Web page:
EU: MEPs, migration policy experts call for urgent action to uphold refugee rights

Over 100 MEPs from four political groups in the European Parliament have called on the European Commission to take action so that "fundamental rights and the right to asylum" are upheld in Greece. Their calls have been echoed by dozens of migration policy experts working on EU-funded projects.


The MEPs' letter, sent on 25 March and signed by MEPs from the Greens/EFA, GUE/NGL, Socialists & Democrats and Renew Europe groups, highlights "serious concerns regarding the use of COVID 19 epidemic to justify denial of the right to seek international protection at our borders, detention of asylum-seekers and forced returns to situations of danger."

The letter from EU-funded researchers, who have worked on numerous collaborative research projects examining how to improve EU migration policy, expresses "paramount concern regarding the violent course of action that is taken by the EU and individual member states in these testing times," and notes that the EU's actions are "doubly disturbing" - firstly, because expert advice and knowledge has been totally disregarded; and secondly, because the policies being promoted and implemented on the ground "fail to meet minimal human rights standards".

The MEPs also urge the Commission "to act regarding the serious deficiencies that have started in Greece before the COVID-19 outbreak and keep deteriorating," in particular with regard to the Greek government's decision to suspend access to the asylum procedure for a month.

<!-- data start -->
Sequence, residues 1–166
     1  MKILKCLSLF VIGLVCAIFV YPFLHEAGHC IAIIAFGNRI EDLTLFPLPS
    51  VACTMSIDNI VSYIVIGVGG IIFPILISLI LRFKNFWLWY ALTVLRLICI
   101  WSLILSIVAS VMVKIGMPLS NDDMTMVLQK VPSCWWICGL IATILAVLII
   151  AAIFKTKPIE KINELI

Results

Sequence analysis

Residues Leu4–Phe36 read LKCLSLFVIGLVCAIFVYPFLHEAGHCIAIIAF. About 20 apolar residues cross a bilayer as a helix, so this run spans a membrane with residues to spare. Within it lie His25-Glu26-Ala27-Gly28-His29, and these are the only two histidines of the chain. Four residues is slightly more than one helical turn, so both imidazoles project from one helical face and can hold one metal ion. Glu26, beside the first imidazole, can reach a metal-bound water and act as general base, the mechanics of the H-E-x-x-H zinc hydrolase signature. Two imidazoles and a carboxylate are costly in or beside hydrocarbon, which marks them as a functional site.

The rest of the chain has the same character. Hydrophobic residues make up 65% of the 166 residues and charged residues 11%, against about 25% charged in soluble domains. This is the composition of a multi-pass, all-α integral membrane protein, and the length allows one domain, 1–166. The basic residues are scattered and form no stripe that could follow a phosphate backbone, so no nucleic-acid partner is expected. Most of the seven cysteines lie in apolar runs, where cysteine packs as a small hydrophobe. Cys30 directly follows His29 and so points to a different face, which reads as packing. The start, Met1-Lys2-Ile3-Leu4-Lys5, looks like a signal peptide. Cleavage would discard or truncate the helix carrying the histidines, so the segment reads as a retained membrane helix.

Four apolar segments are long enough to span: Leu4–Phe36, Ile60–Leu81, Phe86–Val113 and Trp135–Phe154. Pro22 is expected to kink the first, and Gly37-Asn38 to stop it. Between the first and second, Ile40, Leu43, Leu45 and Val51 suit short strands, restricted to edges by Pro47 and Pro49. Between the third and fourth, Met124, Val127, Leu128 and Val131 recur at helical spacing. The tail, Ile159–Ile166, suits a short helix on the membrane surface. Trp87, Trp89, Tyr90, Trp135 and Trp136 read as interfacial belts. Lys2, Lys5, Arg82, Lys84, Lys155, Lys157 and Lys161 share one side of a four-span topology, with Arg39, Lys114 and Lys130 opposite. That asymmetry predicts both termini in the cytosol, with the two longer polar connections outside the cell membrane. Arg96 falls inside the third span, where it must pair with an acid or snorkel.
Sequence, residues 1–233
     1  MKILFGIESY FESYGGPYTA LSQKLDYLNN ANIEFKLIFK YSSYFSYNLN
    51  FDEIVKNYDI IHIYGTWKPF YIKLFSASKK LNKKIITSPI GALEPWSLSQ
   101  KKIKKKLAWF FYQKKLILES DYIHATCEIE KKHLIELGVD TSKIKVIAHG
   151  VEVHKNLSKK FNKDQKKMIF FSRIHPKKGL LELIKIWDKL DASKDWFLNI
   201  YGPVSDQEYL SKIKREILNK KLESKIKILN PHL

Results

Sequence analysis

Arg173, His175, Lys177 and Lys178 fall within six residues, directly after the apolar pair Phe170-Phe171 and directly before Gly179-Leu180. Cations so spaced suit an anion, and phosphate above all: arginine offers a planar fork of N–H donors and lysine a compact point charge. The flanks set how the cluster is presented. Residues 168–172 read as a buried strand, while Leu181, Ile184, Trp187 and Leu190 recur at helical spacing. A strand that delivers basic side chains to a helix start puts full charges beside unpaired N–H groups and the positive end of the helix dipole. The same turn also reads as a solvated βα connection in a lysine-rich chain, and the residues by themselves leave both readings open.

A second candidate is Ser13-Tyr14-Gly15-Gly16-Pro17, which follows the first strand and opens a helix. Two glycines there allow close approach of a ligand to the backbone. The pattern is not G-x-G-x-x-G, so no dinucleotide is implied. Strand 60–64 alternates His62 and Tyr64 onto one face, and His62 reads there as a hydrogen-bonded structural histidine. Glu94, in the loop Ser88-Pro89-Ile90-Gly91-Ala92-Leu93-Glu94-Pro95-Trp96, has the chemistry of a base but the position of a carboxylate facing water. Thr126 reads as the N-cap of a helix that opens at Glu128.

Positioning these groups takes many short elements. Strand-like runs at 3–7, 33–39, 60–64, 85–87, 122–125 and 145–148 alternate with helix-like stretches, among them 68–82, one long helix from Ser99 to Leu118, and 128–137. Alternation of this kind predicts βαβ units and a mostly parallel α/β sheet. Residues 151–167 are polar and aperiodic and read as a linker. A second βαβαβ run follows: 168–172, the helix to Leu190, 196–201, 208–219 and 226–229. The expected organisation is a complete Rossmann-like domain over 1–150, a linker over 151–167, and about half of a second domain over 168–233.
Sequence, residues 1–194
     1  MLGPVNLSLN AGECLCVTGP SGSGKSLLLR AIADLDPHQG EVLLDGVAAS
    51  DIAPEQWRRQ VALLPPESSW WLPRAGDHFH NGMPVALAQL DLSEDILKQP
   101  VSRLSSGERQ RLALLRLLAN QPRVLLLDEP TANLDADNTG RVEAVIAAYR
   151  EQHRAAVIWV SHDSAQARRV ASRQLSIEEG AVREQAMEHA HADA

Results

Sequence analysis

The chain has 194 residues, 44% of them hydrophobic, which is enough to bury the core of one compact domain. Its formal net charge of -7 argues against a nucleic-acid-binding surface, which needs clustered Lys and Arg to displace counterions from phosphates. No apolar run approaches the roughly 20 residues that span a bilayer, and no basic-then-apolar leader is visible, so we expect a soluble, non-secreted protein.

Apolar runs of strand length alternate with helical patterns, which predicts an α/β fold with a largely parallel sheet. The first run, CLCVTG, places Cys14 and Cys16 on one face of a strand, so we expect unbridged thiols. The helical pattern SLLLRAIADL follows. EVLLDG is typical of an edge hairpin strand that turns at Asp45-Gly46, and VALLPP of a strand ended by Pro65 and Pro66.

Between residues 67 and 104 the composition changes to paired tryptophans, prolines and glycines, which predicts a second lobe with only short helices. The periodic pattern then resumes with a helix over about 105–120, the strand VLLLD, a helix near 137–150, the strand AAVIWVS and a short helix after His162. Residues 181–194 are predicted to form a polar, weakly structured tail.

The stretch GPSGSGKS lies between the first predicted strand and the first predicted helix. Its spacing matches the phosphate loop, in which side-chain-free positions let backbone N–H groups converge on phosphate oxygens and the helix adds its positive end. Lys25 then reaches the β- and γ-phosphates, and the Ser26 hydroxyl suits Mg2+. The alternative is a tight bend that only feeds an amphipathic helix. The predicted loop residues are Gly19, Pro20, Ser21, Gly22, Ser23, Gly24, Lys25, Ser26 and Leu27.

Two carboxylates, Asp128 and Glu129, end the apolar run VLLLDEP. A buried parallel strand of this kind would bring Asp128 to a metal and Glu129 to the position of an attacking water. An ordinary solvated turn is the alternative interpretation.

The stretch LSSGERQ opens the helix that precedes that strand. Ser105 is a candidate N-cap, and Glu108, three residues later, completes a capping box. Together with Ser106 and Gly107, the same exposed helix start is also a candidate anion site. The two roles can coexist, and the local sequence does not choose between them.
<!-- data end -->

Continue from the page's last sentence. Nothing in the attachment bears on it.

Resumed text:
"This is not to be understood as a “monthly delay” in the possibility to lodge an application but, literally, as banning access to all asylum procedures for the people who enter the country irregularly in seek of international protection, whilst there are no legal entry possibilities provided," says the letter.

Equally, the researchers say that "the [European Commission] should demand that individual member states apply adequate reception actions, restore asylum procedures, restrain from the production of an official discourse that encourages xenophobia, and strongly denounce all acts that threaten both asylum seekers and humanitarian workers."

The MEPs draw attention to the numerous reports of violence against people attempting to cross the Greek border, and warns that Frontex's border surveillance and control operations may be implicated in human rights abuses.

"We are urgently calling in this regard for an investigation of the orders being given by the Poseidon coordination Center that appear to be violating international law and have led FRONTEX Danish crew to refuse to obey to them," the MEPs demand, referring to the refusal of the Danish coast guard to engage in pushbacks.

The researchers' call not just for immediate action, but long-term changes. They want to see:

"An immediate decision to create an evidence-based policymaking structure that obliges EU officials to take into account the research findings of academics, who are studying human mobility and the best ways to deal with the challenges we face in this field."

Letter from MEPs: Letter to Ursula von der Leyen, Margaritis Schinas and Ylva Johansson, 25 March 2020 (pdf)

EU-funded researchers' letter: A call by concerned researchers for immediate action and radical revision of current EU policies on mobility and migration governance (pdf)

Further reading

Statewatch Analysis: EU/Greece/Turkey: Crisis not averted: security policies cannot solve a humanitarian problem, now or in the long-term (pdf):

At the end of February, the Turkish government announced it would allow refugees to travel onwards to Greece and Bulgaria, in the hope of extracting from the EU further financial support as well as backing for its military operations in Syria. It has now taken up its role as Europe's border guard again, but the manufactured crisis induced by the Turkish decision and the EU response highlight the long-term failings of the EU's asylum and migration model.

 

Spotted an error? If you've spotted a problem with this page, just click once to let us know.

Report error